The saying goes, desperate times call for desperate measures.

But David Broder’s column in WaPo yesterday brushes aside all pretenses. Titled “The War Recovery?”, Broder openly suggests that the U.S. ramp up for war as a way out of our economic crisis, and that the Republicans would likely support this:

    The steps that have been ordered so far in Washington have done nothing more than put the brakes on the runaway decline. They have not spurred new growth.
    What else might affect the economy? The answer is obvious, but its implications are frightening. War and peace influence the economy.
    Here is where Obama is likely to prevail. With strong Republican support in Congress for challenging Iran’s ambition to become a nuclear power, he can spend much of 2011 and 2012 orchestrating a showdown with the mullahs. This will help him politically because the opposition party will be urging him on. And as tensions rise and we accelerate preparations for war, the economy will improve.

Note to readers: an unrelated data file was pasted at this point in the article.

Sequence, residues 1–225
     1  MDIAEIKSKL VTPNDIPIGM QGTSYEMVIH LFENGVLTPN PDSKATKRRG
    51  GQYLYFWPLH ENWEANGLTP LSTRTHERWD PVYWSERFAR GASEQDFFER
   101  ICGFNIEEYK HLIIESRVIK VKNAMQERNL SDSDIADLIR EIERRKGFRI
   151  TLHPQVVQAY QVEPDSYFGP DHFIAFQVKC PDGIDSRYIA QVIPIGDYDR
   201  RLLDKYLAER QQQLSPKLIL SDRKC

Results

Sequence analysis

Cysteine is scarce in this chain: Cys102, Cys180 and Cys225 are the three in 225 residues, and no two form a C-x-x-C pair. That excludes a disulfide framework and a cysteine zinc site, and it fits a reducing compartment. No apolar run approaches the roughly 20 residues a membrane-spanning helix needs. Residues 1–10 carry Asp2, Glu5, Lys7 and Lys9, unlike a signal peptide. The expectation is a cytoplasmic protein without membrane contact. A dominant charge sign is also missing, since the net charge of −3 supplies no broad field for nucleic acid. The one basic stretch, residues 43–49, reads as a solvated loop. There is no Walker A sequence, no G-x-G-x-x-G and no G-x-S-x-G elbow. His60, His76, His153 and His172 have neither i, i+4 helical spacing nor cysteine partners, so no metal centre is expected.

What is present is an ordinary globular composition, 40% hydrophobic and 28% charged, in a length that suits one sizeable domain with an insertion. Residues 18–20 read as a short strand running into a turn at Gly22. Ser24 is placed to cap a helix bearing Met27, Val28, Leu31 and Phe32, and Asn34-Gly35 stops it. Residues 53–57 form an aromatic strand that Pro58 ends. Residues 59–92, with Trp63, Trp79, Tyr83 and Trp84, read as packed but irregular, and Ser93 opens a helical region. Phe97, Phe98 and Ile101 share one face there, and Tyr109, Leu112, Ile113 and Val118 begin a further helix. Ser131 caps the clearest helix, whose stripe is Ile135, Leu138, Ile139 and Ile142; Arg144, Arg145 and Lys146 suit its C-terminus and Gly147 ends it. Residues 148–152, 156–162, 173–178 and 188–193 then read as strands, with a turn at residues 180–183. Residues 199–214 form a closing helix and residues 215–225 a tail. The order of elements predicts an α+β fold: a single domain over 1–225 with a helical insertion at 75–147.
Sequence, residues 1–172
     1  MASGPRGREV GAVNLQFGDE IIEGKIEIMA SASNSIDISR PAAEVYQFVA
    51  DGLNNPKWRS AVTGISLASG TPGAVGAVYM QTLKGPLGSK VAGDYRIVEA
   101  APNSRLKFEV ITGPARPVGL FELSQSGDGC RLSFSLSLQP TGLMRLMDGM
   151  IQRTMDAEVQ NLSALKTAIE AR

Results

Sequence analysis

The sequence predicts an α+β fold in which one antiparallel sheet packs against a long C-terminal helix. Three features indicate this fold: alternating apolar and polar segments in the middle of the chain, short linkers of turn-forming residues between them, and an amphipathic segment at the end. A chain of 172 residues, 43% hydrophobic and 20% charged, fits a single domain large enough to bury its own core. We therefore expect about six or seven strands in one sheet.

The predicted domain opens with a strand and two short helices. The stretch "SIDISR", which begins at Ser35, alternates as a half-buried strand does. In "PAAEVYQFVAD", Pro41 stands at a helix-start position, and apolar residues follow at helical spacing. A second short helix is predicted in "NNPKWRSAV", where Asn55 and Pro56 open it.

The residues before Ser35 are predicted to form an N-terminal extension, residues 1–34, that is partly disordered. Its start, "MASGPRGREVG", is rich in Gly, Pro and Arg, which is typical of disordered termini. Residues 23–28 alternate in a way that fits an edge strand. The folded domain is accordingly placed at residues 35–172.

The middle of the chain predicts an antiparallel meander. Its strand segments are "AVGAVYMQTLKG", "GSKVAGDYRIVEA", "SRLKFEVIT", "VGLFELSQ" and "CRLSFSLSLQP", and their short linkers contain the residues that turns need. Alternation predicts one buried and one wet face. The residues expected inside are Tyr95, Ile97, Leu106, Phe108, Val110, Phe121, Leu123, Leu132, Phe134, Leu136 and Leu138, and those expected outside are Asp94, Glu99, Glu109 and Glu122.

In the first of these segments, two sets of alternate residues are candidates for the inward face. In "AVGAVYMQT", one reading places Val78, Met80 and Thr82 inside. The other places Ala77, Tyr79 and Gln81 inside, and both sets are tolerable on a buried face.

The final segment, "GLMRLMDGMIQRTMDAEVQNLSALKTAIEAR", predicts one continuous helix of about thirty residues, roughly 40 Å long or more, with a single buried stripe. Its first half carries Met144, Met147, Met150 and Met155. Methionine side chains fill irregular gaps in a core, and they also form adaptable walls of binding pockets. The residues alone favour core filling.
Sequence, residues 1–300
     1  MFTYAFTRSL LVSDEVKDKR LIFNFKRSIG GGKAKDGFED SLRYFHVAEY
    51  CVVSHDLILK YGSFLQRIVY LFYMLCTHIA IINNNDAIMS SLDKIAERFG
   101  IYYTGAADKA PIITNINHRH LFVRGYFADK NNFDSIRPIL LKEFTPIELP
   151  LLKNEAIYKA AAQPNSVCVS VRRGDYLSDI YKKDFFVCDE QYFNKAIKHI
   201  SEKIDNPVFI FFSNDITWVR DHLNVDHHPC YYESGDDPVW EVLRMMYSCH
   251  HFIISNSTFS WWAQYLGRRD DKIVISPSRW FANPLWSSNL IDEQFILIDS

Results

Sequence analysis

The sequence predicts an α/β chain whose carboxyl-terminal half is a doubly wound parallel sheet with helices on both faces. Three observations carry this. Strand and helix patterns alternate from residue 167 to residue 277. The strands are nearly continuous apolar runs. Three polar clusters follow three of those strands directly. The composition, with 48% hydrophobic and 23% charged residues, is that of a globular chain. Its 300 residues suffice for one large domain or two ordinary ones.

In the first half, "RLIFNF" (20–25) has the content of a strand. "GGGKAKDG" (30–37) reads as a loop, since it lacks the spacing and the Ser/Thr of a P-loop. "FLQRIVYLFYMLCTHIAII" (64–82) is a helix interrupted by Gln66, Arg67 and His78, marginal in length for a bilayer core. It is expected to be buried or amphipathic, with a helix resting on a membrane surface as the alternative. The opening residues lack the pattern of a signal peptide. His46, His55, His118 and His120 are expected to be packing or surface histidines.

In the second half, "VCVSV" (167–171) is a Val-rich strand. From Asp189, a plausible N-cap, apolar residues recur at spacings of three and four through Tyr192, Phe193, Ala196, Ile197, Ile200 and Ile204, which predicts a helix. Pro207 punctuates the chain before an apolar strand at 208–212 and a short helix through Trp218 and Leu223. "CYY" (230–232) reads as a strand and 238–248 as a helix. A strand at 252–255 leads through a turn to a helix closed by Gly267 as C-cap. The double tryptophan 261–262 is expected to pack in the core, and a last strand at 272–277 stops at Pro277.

Nowhere in the article does Broder question the morality of rattling war sabres in the name of economic growth. I am deeply troubled by the ease with which he suggests it, seemingly ignoring that fact that “rising tensions” sometimes leads to actual war, with other people’s children sent off to kill and die in some foreign land. Maybe he doesn’t care. After all, we have to get the economy going, right?

Similarly, nowhere in the article does Broder suggest where we would get the money for this new military buildup. I guess he believes that Keynesian “Stimulus” spending will lift us out of our morass and that China will be happy to lend us more money we can deficit spend to attack Iran, with which China is developing closer economic ties with each passing year:

    Iran was China’s third-biggest supplier of oil last year China is the number one oil and gas importer from Iran. The two countries are bound by energy deals reaching a total value of $120 billion. China signed largest energy deal with Iran ever and promised to block any American attempt to refer IranĀ“s nuclear program to the UN Security Council.

I think it’s safe to conclude that Mr. Broder’s bizarre and dangerous suggestion could easily lead us to a world war. Talk about a jobs program!

Growth in U.S. durable goods shipments, military versus non-military, since 2000:
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